Prime Minister Stephen Harper took off for Europe Tuesday, hoping to leave the Senate scandal behind and bask in the glow of international summitry.
His freshly painted plane, no longer dull grey, will whisk him away from the grubby Red Chamber.
Harper will meet the Queen, hold talks with British Prime Minister David Cameron and French President Francois Hollande, then attend the G8 summit in Northern Ireland. In the midst of such pageantry, who could be so gauche as to ask him about Mike Duffy?
On his last trip, everyone was.
In fact, none of the travelling media pack asked Harper about anything else when he went to South America in mid-May.
What was the deal with Senator Duffy? Where's that cheque he got from Harper's departed Chief of Staff, Nigel Wright? Prime Minister, how could you not know about it?
There wasn't one question about the thrilling prospect of Canada joining Mexico, Chile, Peru and Colombia in the Pacific Alliance trade group.
Few Canadians had ever heard of the Pacific Alliance. But many wanted to see that cheque.
This time, with luck, it may be different. For one thing, there will be no questions, no reporters and not even any TV cameras when Harper meets the Queen to congratulate her on her 60 years on the throne. And, with Cameron and Hollande, there will be other issues to talk about – notably the long march to CETA, a Comprehensive Economic and Trade Agreement with the European Union.
Trade talks stalled
CETA is a big deal. But, like all trade agreements, it's proving to be a struggle. Harper has set great store by his efforts to open trade around the world, but landing an agreement with Colombia is not a legacy for the ages. Landing one with Europe, the world's largest economy, would surely be something to make the folks at home forget, at least for a moment, about Nigel Wright's chequebook.
The problem, as always, is that neither side wants to blink first on the final, trickiest issues. Both are under pressure to finish a deal before Europe turns its attention to a similar agreement with the United States. But France and Ireland are balking at allowing more Canadian beef and pork exports into Europe. It's not a coincidence that Harper will visit both countries on this trip.
There's resistance back home, too. Europe wants to open up Canada's provincial government procurement market and get better intellectual property protection for pharmaceuticals.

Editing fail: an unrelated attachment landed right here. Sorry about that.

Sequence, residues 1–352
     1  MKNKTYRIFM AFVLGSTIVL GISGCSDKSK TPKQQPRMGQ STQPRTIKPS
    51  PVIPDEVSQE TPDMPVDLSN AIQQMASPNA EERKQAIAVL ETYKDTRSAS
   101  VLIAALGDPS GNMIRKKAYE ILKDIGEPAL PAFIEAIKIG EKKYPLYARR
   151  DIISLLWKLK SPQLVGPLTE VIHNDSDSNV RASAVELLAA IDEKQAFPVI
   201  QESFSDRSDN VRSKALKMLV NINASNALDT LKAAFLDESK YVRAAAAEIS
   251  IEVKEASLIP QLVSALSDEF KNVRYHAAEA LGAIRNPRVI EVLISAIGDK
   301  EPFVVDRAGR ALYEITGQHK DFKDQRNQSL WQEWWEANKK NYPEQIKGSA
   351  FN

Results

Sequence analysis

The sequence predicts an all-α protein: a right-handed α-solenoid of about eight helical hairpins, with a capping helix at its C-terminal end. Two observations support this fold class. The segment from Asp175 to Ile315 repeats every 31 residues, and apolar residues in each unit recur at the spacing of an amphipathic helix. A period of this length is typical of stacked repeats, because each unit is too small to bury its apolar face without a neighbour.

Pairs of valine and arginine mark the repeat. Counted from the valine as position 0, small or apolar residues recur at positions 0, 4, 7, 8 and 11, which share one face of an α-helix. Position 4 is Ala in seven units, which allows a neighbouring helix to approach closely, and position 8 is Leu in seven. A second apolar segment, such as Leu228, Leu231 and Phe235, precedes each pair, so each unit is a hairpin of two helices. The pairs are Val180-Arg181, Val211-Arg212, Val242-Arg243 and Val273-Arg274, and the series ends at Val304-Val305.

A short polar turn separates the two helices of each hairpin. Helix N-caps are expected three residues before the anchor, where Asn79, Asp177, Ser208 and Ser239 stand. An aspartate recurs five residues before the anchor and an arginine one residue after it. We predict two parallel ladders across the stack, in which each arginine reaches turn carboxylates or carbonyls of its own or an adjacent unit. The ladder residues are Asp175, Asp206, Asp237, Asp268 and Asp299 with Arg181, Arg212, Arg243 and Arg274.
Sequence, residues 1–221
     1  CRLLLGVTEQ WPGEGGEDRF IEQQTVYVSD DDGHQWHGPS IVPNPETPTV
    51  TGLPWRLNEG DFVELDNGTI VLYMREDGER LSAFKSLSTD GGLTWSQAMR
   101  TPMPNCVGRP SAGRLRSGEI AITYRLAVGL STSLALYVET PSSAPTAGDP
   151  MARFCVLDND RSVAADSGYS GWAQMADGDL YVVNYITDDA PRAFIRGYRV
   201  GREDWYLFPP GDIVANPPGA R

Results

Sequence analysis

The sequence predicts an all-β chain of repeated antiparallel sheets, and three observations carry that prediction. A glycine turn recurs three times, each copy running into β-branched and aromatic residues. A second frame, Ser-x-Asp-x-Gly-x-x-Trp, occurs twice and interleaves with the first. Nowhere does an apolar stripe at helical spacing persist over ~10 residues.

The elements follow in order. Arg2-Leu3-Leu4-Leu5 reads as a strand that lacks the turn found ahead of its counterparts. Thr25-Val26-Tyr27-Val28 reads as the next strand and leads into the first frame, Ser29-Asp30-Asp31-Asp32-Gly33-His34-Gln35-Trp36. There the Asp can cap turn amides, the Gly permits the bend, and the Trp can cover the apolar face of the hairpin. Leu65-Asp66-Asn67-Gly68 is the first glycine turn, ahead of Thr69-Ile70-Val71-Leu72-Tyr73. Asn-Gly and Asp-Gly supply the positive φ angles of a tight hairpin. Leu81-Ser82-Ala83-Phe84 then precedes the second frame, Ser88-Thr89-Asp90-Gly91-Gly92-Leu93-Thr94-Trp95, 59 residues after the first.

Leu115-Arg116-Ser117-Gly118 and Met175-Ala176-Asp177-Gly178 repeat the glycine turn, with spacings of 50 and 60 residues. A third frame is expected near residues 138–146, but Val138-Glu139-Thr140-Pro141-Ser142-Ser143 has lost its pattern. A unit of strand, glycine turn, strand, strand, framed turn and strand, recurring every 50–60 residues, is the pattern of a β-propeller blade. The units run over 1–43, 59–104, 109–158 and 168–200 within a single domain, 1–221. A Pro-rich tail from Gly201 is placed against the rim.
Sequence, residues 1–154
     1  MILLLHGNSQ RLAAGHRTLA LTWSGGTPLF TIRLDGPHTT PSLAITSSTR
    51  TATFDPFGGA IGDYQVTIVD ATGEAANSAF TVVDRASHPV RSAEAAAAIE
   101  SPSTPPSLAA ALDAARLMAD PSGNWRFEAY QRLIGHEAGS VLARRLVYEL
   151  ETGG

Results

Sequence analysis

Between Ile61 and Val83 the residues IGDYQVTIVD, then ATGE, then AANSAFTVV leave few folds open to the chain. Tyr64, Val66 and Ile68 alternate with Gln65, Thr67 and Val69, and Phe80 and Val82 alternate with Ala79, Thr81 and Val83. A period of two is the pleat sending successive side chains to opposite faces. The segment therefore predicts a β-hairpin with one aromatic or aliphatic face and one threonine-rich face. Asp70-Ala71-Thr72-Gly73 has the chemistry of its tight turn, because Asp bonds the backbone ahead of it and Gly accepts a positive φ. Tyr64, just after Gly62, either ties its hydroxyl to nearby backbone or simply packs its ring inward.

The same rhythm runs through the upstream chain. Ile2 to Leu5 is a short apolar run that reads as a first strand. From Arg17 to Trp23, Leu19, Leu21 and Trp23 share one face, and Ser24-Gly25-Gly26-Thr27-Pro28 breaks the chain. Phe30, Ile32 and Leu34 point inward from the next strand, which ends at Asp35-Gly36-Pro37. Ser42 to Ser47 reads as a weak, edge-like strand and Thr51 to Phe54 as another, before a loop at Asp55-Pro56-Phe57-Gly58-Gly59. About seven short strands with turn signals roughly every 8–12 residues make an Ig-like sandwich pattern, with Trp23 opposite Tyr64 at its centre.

So far, it's a standoff.
In this atmosphere, Harper's team is trying to play down the prospect of a deal during this trip. Better to lower expectations and hope to exceed them than to tout a forthcoming triumph and have it said that you failed.
So, a word of caution about the caution: saying there's no deal yet is exactly what you'd expect them to say if they were almost there.
Pomp, pageantry and hearty agreement
So far, it's the London leg of the trip that has the best chance of moving the dial off the Duffy channel.
For one thing, Harper and Cameron are conservative soul-mates, unlike Harper and (French Socialist Party Leader) Hollande.
Harper will not only meet the Queen (albeit with just a stills photographer present), but will address the British Parliament on Thursday. It will be a grand occasion, even if Harper will speak not in the cramped British House of Commons but in the Robing Room, surrounded by ornate reminders of King Arthur and the Knights of the Round Table. Take that, Thomas Mulcair!
After that, Harper flies to Paris for two days, then spends the weekend in Dublin, Ireland.
That doesn't mean the crackdown will achieve much, but summits need to have outcomes and, well, what can this one do? Bring Iran to heel? End the war in Syria? Abolish North Korea? Not going to happen.
Along the way, Harper will certainly face questions from the travelling media pack. Some, no doubt, will be about Mike Duffy – but not all.
After a gruelling month of scandal in which Harper's standing has taken a severe beating, any relief at all will be welcome.